As I write this, a heavy spring storm is moving in over the mountains. Once again, I’m left worrying for my peach tree’s blossoms (will they all be frozen, and we’ll have no fruit come fall?) and all the tender young things coming alive.
I am lucky enough to have a small yard, and I’ve been enjoying the sight of all the perennials waking up in the front yard. I’m like Mary Lennox, crying in delight over everything showing how “wick” it is. Our tulips are going to bloom soon, and even last year’s Mother’s Day forsythia is throwing out a first few brave flowers.
This is the peony I added to the bare patch last fall. We’ll see if it survives. So far, so good.
One of our neighbors (I think it was a kid) made some delicious-looking sushi or spring rolls with the leaves from my tulips. So far everyone has denied being the mystery chef.
I’m conflicted: I love the creativity, but I think I’d rather keep the tulips in the garden.
I finally planted the spinach, broccoli, lettuce and peas in my garden. We have two square foot gardens in which I plant just my favorites.
We are so lucky to be members of a CSA farm, which provides the vast majority of our produce. A CSA is like your own private farmer’s market, which provides fresh, local produce to its members on a weekly basis. If you’re curious, I’ve written about CSAs here and here. Perhaps a CSA near you might have an opening in its membership for you to try out. Here are two links to help you find a CSA near you: Local Harvest and the USDA directory of CSAs. Joining a CSA truly transformed how we eat- both in terms of quality and variety- and I think has been a huge part of my journey toward health. Plus, buying food that is locally produced has a major impact on the environment.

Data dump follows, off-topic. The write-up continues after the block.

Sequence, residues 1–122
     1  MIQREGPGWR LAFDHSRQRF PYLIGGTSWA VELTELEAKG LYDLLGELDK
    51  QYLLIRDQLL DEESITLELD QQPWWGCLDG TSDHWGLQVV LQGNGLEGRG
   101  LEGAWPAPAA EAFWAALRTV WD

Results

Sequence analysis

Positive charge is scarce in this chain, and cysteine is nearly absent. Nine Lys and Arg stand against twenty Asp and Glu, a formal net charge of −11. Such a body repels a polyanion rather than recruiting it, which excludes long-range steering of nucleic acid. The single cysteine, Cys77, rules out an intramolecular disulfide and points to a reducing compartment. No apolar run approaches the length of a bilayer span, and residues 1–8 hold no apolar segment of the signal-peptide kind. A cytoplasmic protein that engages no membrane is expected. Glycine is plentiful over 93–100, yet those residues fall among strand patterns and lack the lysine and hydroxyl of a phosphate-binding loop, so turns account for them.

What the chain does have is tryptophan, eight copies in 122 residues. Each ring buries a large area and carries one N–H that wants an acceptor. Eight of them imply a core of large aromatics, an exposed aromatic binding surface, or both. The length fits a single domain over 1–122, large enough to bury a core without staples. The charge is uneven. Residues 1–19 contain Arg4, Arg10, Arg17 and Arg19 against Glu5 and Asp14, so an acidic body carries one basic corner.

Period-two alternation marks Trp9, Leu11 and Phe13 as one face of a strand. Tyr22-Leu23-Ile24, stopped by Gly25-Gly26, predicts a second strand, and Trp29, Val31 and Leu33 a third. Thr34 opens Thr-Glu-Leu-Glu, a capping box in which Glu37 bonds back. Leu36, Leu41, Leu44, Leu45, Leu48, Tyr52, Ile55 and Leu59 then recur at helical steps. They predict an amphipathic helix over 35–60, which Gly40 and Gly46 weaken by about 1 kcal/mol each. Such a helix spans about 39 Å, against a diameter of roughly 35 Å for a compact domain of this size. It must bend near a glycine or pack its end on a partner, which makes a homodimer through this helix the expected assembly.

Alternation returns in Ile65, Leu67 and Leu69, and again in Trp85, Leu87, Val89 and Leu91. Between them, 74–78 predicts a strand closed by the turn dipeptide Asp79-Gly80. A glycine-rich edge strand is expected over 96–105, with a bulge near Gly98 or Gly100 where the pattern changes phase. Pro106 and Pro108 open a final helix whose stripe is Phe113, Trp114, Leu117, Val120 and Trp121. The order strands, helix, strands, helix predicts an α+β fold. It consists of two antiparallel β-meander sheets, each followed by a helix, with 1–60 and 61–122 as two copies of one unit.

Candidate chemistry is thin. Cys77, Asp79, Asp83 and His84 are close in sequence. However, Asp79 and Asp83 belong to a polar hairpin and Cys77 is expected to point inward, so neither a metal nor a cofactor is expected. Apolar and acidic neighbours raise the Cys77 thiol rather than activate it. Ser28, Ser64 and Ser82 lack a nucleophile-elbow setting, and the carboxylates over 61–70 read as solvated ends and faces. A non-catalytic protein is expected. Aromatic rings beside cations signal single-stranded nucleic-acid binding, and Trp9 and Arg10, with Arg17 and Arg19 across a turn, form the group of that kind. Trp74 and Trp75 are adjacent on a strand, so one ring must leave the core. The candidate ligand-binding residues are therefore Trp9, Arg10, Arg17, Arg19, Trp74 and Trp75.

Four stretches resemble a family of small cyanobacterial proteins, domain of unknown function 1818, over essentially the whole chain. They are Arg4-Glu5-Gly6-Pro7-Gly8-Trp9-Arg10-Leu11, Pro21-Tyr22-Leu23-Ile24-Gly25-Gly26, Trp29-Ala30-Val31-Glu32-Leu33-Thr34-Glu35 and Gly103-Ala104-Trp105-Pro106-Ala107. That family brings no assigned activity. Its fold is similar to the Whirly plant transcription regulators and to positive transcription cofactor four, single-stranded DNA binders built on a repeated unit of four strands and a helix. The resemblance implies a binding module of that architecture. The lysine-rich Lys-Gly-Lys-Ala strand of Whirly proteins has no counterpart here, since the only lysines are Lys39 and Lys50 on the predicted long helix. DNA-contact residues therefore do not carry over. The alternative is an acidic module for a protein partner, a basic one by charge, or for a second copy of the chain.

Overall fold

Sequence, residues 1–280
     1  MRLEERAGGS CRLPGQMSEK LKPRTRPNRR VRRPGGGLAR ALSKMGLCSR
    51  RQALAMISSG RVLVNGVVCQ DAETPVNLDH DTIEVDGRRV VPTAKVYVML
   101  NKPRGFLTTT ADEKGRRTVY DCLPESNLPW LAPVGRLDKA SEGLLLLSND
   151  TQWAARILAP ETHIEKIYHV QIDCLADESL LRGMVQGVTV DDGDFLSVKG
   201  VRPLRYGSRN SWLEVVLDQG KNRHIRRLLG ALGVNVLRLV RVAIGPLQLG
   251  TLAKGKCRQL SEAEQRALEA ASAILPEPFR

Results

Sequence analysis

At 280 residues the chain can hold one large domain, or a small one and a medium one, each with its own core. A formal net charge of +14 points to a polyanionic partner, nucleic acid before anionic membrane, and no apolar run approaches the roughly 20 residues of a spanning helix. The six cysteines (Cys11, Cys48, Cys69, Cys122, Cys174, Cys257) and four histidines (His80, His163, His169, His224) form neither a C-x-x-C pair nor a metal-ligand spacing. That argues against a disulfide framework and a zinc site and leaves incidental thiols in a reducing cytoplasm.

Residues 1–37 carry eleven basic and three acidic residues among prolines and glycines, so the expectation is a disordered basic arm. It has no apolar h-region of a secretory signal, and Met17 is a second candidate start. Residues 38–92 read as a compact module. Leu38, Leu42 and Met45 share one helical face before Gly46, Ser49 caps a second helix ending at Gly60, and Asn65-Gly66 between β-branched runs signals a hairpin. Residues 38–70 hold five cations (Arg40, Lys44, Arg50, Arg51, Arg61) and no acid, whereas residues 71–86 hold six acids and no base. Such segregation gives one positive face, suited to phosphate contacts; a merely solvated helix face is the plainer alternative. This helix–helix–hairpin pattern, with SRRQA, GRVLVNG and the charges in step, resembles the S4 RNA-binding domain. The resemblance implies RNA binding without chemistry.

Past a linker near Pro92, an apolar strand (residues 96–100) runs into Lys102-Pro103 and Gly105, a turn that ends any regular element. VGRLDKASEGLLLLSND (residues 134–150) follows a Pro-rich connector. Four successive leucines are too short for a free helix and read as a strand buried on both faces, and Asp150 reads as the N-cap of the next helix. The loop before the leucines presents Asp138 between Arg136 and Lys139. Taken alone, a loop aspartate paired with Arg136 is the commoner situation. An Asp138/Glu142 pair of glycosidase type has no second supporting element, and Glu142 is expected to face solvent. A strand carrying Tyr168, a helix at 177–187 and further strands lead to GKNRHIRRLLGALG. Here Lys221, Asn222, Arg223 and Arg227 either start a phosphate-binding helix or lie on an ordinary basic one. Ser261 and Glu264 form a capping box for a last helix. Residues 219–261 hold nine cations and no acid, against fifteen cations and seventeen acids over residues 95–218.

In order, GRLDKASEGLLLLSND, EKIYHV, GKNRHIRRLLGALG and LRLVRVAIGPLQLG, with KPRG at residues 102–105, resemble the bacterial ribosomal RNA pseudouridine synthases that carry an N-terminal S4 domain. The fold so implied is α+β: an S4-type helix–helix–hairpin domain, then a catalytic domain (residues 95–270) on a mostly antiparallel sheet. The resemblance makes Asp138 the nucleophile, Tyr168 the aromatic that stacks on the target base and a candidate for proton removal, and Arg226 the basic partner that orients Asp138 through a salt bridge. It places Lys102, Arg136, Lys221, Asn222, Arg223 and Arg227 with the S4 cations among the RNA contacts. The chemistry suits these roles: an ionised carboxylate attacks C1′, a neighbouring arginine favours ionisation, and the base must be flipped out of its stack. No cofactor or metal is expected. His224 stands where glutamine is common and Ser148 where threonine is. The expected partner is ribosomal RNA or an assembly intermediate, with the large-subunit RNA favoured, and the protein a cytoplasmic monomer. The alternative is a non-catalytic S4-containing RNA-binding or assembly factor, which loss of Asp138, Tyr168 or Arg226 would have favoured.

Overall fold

Okay, back to my garden. These are 4’x4′ boxes filled originally with a 1:1:1 mixture of peat moss, vermiculite and compost as specified by the Square Foot Garden method by Mel Bartholomew. Then every spring I add an additional layer of compost. In our first SFGs, I made wood grids, but we have since changed to twine and string (it’s easier to cut the compostable strings than to disentangle large squash and cucumber vines from the wood).
It was so good to have my hands in the dirt. It smelled wonderful, and something in my own heart came alive again with a day spent planting in hope of sweet June shelling peas eaten raw and crisp salads of baby spinach. (Are you hungry yet?) I started basil, zinnias, and cherry and Roma tomatoes (for canning) inside. The farm gives us lots of big, juicy heirloom tomatoes, but there’s nothing like pulling a warm cherry tomato off the vine on an August afternoon and popping it in your mouth.
Have you started your garden yet? What’s your favorite thing to plant?